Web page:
Posted in lgbt, Non-Fiction, review

The Bi-Ble – Edited by Lauren Nickodemus & Ellen Desmond

“We have always been there – lost in either side of history, almost always hidden away as straight or gay – but we were there and we are here now, even if you don’t see us.”


Blurb: “Bisexuals inhabit a liminal space between cultures, often misunderstood or dismissed by the straight and LGBTQ+ communities alike. We are the sexual identity most likely to be closeted, most at risk of mental illness, domestic abuse, and even heart disease — but also the least visible. Now, a selection of intersectional bi voices has come together to share stories, helping our voices be heard and our identities seen. It’s time to stand up and spread the word.”

Trigger Warnings: sexual assault, rape, self-harm and suicide.

The Bi-ble does exactly what it says on the tin: it is a collection of essays from various people who have/still do identify as bisexual and their stories. I entered a giveaway for this book and was incredibly excited when I won. Upon reading every single word it had to offer, I feel elated; I have never felt so validated in my life.

While I seem very happy and open about my sexuality now, it has been a long road to get to this point. I’ve gathered my own fair share of stories from: being accused of being exclusionary for only being attracted to men and women, to being asked if I’m now straight because my long-term partner is the opposite sex, asked for threesomes, being told I’m more likely to cheat. Frankly, if you think of the stereotypes associated with bisexuality, I’ve been subject to most of them. And with the LGBT+ community often spewing some of the hatred, it took a long time for me to even go to a pride event for fear that I would be kicked out for not belonging there.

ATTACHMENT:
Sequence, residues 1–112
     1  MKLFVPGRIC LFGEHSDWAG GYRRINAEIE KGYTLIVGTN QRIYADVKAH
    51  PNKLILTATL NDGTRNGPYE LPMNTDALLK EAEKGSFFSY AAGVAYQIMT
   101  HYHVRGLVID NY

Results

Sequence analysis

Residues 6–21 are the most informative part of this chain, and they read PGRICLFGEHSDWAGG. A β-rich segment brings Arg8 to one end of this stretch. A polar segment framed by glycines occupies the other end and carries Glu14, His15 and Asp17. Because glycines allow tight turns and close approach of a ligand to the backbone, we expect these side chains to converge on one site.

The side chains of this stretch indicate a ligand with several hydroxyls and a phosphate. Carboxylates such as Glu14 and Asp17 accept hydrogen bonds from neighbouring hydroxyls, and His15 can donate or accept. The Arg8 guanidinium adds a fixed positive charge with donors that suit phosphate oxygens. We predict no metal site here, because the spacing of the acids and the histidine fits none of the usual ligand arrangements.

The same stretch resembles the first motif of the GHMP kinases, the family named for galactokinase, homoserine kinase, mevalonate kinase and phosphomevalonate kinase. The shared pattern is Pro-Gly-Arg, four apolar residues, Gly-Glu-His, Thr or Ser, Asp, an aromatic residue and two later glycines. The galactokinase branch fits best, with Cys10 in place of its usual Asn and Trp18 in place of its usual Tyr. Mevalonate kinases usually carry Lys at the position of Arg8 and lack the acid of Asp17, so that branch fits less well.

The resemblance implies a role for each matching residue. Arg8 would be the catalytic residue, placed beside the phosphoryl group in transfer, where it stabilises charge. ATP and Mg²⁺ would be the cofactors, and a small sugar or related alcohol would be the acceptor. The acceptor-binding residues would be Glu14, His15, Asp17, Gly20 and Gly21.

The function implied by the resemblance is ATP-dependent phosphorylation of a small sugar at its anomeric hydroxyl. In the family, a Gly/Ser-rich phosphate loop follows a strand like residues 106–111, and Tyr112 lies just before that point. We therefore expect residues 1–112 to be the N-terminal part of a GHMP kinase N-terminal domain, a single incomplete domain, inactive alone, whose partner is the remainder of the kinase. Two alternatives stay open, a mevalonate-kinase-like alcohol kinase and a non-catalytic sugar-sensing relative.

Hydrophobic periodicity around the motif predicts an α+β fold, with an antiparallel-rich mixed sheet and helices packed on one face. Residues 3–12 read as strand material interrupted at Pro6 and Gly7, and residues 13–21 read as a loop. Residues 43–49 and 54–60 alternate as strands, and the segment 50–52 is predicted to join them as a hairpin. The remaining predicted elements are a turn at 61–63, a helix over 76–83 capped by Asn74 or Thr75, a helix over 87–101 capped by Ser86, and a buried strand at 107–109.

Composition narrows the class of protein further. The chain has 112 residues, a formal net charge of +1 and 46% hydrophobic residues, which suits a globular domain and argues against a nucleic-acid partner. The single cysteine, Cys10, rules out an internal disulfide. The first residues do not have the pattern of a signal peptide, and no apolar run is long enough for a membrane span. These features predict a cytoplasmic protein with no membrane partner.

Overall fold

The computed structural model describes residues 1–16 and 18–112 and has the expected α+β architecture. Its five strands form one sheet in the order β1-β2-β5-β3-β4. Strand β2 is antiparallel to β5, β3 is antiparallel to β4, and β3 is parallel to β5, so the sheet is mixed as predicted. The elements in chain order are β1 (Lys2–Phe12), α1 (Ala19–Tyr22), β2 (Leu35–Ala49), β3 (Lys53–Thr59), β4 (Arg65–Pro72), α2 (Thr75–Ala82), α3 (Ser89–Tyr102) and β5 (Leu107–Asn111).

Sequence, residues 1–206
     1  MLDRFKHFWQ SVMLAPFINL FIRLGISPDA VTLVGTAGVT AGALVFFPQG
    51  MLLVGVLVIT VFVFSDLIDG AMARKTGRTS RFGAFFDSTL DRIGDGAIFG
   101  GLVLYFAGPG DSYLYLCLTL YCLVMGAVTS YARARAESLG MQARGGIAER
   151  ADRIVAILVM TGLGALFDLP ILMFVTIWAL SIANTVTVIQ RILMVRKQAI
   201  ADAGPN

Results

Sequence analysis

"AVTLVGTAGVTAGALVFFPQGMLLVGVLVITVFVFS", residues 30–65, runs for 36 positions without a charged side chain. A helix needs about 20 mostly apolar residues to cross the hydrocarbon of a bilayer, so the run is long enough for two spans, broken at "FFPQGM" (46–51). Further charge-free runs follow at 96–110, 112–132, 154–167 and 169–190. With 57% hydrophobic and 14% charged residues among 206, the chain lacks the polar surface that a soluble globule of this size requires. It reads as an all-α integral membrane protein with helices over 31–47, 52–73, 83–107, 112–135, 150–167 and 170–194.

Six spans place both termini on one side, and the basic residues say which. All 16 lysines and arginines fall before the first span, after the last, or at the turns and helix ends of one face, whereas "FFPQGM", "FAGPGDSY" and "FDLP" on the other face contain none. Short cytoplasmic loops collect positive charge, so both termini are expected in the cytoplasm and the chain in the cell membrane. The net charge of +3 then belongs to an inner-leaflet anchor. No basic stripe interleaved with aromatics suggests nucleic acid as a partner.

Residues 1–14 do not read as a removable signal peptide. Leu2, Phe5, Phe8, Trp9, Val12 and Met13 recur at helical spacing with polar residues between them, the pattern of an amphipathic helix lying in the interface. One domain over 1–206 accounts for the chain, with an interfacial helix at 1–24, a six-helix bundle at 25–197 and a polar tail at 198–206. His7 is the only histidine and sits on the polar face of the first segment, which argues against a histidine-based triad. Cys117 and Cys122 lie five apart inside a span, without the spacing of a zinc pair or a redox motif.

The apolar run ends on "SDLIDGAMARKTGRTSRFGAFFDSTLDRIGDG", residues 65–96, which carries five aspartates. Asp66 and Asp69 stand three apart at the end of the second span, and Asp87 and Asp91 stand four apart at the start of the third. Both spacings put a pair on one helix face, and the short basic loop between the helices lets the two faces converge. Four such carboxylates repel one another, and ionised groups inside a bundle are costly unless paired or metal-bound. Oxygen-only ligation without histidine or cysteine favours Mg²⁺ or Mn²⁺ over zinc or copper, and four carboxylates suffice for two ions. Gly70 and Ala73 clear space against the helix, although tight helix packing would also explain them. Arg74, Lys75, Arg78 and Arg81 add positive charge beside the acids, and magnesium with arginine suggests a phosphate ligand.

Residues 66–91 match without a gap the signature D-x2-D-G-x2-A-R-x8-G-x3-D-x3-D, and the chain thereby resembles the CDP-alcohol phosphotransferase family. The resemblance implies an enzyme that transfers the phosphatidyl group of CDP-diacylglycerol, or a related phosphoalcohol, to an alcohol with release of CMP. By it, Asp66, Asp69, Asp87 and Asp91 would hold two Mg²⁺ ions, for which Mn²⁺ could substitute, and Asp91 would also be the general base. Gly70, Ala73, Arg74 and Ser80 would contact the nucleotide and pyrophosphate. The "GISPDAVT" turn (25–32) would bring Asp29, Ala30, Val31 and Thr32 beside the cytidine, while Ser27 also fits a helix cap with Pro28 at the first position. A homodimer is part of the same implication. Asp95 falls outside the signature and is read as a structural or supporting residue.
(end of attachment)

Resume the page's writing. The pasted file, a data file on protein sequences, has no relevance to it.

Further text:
The contributors in this book share their own stories from knowingly using the bisexual label as a stepping stone to coming out as gay, to how sexual assault is not viewed the same when the aggressor and victim are both women, to trans bisexuals. It is a truly amazing collection of people and yet the editors involved are humble enough to state that this book is not reflective of everyone’s experiences.

As I mentioned at the start, it’s been a long journey to the confident bisexual woman I am now, but this collection reminded me that I am not alone, and that everything I have felt and currently do feel are completely valid. That it is okay to feel like this and that it is not me at fault but the greater society. While horrible to see so many negative experiences (as well as a lot of positive ones) I felt like a weight had been lifted to know that I haven’t gone through it alone.

Another amazing thing about The Bi-ble is that it’s crowdfunded. Meaning that people believed in its worth enough to make it a reality and that is its own form of magic.

If you’re bisexual yourself, or just looking to learn more from others’ lives, this is a great place to start.

For more of my reading adventures follow me on Goodreads

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For bookish photographs follow my instagram: @charlottereadsthings


A proud Hufflepuff who talks about books and also tries to write them.

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